7/11/2006 Houston -- As you drive west down traffic-choked Bellaire Boulevard, straight through the suburb of the same name and into the mini-mall sprawl of western Houston, it's obvious that this is the Lone Star State's biggest city. A corporate outpost of Halliburton, the controversial conglomerate, sits on the right, and Sally Jo's Old Houston Bar-B-Q joint is up on the left.
But Sally Jo's is dwarfed by something you might not expect to see in Space City, the home of NASA, Urban Cowboy, Beyonce and the hot ''chopped and screwed'' hip-hop scene. It's the 400,000-square-foot Hong Kong City Mall, a monument to shopping that's jam-packed with Asian markets, teahouses, noodle houses, karaoke bars, bakeries, clothing shops and DVD/CD stores hawking the latest stars from far across the Pacific.
And it's not alone. Up and down Bellaire near Beltway 8, Chinese and Vietnamese signs battle with English for dominance in a part of town dubbed New Houston Chinatown by some, Asiatown by others.
With the state's largest concentration of Asians and Asian-Americans -- 200,000 to 250,000 -- and a handful of distinctly Asian neighborhoods, Houston's tourism profile has a new dimension.
Unlike older, walkable, more densely populated and tourist-oriented Chinatowns in San Francisco or Vancouver, Houston's Chinatown are far apart and not necessarily easy to get to. But with word spreading about phenomenal food and unique merchandise, it's only a matter of time before they are discovered.
Back at the Hong Kong City Mall, one of the anchors is another mega eatery, the Ocean Palace, known for its dim sum.
It's all a result of the large numbers of Asian immigrants who've moved to the area in the last 30 years. After the Vietnam War, many Vietnamese settled here, adding to an existing Chinese community. Since then, they've been joined by immigrants from all over Asia.
A strip of South Asian and Middle Eastern businesses has mushroomed on Hillcroft Avenue, between U.S. 59 and Richmond Avenue; and a Korean area has blossomed nearby on Gessner Avenue. Of course, there can't be a new Chinatown without an old one. Just east of Houston's civic center sits the Old Chinatown. A few blocks to the south, in Midtown, you'll find the original Little Saigon, where the first wave of Vietnamese landed.
Although both are still worth checking out, they've lost much of their verve due to escalating land prices and New Chinatown's explosive growth. But don't ignore them, as they're closer to where most visitors stay in Houston and are easier to get to.
It's here, in a nondescript strip mall cheek-by-jowl with Double Nine Ginseng Herb and Saigon Travel, that you'll find Jenni's Noodle House, which has a wok full of new attitude. With signs declaring ''Noodles Are Cool, Everyone Knows It'' and ''Changing Lives, One Noodle at a Time,'' Jenni's is more postmodern than pre-war, but the meals -- such as the dumplings and pho -- have an old-fashioned, hearty sensibility.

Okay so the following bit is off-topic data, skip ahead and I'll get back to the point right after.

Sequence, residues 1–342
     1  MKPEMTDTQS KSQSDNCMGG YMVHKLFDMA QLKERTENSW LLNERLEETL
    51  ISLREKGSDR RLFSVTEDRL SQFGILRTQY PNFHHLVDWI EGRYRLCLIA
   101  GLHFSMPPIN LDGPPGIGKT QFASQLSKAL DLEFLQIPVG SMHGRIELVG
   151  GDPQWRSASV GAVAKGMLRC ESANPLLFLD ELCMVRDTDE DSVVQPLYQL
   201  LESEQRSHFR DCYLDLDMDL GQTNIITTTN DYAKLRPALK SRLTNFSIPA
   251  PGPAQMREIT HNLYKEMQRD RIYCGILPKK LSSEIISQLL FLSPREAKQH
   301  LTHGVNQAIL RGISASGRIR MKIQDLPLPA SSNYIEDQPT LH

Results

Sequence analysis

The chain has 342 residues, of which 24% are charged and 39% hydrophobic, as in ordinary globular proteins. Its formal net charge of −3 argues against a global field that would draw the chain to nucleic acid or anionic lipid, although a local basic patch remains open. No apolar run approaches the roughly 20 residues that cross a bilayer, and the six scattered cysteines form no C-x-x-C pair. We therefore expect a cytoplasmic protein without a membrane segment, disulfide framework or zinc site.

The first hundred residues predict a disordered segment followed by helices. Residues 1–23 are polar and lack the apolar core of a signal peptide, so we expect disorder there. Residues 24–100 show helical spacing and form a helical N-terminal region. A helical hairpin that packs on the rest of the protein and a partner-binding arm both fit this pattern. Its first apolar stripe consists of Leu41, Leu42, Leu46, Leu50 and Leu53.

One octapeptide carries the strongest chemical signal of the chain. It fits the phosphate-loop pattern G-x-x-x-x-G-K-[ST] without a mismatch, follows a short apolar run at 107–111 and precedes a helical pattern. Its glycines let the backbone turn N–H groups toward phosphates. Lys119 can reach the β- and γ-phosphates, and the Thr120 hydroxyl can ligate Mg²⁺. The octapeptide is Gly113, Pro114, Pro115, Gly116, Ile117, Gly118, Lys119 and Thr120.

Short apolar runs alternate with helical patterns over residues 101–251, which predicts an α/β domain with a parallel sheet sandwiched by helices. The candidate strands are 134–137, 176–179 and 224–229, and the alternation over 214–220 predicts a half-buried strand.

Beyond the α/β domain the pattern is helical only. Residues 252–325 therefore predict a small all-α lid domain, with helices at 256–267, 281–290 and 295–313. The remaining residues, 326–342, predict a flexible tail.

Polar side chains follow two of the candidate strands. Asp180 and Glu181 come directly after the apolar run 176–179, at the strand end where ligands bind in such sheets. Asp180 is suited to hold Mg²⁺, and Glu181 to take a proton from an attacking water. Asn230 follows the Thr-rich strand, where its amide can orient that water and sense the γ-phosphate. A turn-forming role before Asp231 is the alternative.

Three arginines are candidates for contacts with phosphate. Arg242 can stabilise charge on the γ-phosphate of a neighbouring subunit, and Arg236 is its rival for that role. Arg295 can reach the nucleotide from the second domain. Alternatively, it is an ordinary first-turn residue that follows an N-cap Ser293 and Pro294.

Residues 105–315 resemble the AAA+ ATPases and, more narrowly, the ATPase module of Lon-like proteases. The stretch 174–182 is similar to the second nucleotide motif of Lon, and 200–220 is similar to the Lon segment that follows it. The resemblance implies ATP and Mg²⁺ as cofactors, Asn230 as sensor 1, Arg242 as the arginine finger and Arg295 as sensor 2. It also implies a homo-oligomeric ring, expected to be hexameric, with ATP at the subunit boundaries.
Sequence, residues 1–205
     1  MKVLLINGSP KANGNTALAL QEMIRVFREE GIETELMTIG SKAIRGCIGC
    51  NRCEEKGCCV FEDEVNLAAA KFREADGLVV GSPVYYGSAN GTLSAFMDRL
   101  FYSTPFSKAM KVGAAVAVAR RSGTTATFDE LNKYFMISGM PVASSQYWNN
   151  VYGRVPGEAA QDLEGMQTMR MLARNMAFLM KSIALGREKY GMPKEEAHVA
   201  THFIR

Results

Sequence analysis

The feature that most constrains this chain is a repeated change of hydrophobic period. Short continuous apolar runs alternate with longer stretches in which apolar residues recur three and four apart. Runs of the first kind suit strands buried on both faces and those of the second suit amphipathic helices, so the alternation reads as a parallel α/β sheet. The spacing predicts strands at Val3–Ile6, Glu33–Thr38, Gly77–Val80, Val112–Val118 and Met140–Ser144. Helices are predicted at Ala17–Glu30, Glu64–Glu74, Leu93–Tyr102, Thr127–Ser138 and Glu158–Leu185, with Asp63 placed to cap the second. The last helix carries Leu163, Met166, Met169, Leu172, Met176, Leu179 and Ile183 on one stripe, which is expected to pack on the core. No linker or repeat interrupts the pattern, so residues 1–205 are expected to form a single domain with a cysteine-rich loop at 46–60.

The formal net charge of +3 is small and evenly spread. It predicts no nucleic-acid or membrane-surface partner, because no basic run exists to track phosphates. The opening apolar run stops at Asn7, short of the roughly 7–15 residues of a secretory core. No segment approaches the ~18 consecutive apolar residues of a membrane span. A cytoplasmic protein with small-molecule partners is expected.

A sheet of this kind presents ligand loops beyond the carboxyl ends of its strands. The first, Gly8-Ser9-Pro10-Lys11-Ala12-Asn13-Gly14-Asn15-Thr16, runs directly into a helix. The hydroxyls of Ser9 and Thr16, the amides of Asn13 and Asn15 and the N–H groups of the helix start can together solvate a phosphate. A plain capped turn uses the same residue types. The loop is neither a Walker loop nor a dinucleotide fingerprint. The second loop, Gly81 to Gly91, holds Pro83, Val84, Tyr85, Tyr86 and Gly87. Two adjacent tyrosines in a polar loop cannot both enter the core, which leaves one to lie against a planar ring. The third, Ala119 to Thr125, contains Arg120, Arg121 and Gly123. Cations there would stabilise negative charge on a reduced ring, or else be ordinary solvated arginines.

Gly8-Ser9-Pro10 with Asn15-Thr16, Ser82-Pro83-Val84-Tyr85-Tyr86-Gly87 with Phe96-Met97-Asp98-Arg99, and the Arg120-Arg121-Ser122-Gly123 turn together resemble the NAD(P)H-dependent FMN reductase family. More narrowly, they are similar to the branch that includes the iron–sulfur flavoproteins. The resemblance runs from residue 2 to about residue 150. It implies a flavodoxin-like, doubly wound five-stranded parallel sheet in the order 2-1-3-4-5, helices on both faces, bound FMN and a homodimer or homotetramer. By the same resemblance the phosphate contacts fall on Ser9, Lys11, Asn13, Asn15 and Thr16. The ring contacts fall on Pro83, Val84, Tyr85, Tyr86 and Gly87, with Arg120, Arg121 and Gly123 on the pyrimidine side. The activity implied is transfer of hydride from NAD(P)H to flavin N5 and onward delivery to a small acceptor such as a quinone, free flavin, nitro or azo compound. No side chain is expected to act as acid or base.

For nourishment of a higher order, the nearby Tien Hou Temple, a Buddhist sanctuary that's open to the public, offers space for contemplation. (In a similar vein, if you have the time and transportation to get out to the suburb of Katy, visit the Forbidden Gardens, an elaborate outdoor space featuring one-third-scale replicas of the famous terra-cotta warriors and the Forbidden City.)
In Little Saigon, on Milam Avenue, which is flanked by Asian businesses, Mai's is open late and apparently is always crowded. After tasting the salt-toasted shrimp, the crab meat and asparagus soup and the garlic chicken, I can see why.
There's no better way to top off a meal like than with some pastries, tea, coffee or fruit juice at Tropioca, at the other end of Milam. Specializing in Asian-style boba and herbal-infused teas -- as well as Thai, chai, taro, almond, coconut and chocolate macadamia shakes -- Tropioca is a sleek, chill-out hangout that's library-quiet.
When celebrated Houston Rockets center Yao Ming decided to do the star-athlete thing and open a restaurant with his name, he didn't try it anywhere near Old Chinatown. The cavernous, $1.5 million Yao Restaurant and Bar -- owned by his dad Yao Zhiyuan and mom Fang Fengdi -- sits on yupscale Westheimer Road, a short drive from the Galleria and New Chinatown.
Tourists have to get the image of an old-fashioned Chinatown out of their heads, says Dan Nip, founder and president of the nonprofit Chinatown Community Development Corp. Much like Little Saigon in Orange County, Calif., or the Asian neighborhoods in Southern California's San Gabriel Valley, New Chinatown takes a more suburban approach.
'Old Chinatowns were handed down from 50 years ago, where people are still living there, walking the streets, and you still see old people who don't speak English,'' he says. ``But in the new Chinatowns, the institutions are built from the ground up, and it's totally different.''
(Contributed by CARY DARLING, Knight Ridder News Service)